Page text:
It’s time to polish up the HSA crystal ball and prognosticate on what the next year will bring for workers’ comp.
Today we’ll keep it at a high level, examining 5 key drivers that will affect insurers, employers, regulators.
Tomorrow we’ll predict how those high level drivers will affect different stakeholders.
- Premiums will rise as employment and wages continue to grow.
GDP is growing strongly, (predictions are for growth above 3.2% for the last half of this year) employment and wages are up, consumer spending and housing prices are increasing. As long as as the new administration doesn’t start a trade war, things are looking good for employment and payroll, which are key drivers of work comp premiums.
Note – this is NOT to say work comp insurance rates will rise, but rather there will be more payroll and more people working, so the impact of flat or lower rates will be overcome by higher employment.
- Medical costs will remain flat or close to it.
The first “official” indicator will come when NCCI Chief Actuary and all-around really smart person Kathy Antonello reports preliminary data on WC medical inflation at the Annual Issues Symposium in May. My bet is we’ll see inflation in the very low single digits – or even less.
- Frequency will continue to decline.
Because it always does.
- Insurers will double down on efforts to reduce administrative expenses.
With frequency down, investment returns decreasing, and medical costs flat, premium rates are headed down as well. Many work comp insurers seem to think the only thing they can really control is admin expense.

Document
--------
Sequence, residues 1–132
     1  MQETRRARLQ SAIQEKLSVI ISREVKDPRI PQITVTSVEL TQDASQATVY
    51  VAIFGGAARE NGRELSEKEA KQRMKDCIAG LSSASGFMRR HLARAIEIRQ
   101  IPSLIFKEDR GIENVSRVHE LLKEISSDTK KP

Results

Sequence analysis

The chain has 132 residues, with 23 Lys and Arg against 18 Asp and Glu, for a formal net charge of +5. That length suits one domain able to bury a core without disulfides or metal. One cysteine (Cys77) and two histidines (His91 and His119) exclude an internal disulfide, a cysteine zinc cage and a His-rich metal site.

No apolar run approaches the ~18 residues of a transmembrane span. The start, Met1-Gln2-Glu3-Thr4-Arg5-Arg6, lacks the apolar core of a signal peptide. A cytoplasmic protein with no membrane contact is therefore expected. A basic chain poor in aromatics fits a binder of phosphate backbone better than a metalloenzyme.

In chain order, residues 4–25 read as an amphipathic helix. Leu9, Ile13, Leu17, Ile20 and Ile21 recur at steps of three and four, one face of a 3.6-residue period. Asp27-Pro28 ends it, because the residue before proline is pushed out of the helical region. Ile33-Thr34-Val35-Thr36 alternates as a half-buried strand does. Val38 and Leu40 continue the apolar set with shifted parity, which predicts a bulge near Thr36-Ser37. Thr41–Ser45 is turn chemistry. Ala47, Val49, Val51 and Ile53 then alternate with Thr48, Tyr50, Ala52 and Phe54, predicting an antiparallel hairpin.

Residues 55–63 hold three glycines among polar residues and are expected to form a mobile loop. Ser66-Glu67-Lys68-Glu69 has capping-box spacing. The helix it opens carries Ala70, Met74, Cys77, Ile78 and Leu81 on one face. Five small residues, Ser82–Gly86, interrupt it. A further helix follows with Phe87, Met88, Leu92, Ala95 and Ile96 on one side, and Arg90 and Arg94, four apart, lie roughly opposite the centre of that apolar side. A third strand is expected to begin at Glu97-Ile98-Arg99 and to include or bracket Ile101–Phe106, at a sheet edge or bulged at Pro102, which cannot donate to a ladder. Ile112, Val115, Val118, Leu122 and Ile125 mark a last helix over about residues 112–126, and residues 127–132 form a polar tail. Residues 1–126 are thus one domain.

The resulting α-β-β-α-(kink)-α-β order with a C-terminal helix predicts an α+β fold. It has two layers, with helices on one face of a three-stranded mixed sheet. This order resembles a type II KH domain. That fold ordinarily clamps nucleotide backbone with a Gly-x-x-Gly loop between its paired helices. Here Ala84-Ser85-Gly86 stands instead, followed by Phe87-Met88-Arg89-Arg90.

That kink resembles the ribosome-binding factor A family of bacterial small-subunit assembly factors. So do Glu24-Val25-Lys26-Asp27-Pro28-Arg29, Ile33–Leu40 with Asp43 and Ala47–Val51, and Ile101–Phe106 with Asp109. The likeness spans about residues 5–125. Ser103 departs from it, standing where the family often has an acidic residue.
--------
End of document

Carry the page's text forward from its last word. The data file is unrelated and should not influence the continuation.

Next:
So, we will see increased efforts to cut Unallocated Loss Adjustment Expense – cost categories such as general office expense, staffing, IT. And, payers will look to assign admin expense to individual claims whenever and wherever they can (more on this in a later post).
That’s not to say they won’t be working on reducing Allocated Loss Adjustment expense (costs that are allocated, or assigned, to specific claims). They will.
- More payers will move their claims adjusters to home offices.
Okay, one not-macro-level prediction.
A good friend and colleague reminded me of this trend; I’ve been seeing it for some time, but didn’t realize how widespread the trend is until he made that observation. There are many reasons for this trend; lower administrative expense, easier to hire and retain good staff, dramatic improvements in technology and communications,
What does this mean for you?
Methinks this is the calm before the storm. The new administration may well be highly disruptive, however we won’t see any real impact until 2018 at the earliest.
Fortune favors the prepared. (quoting Dr Louis Pasteur)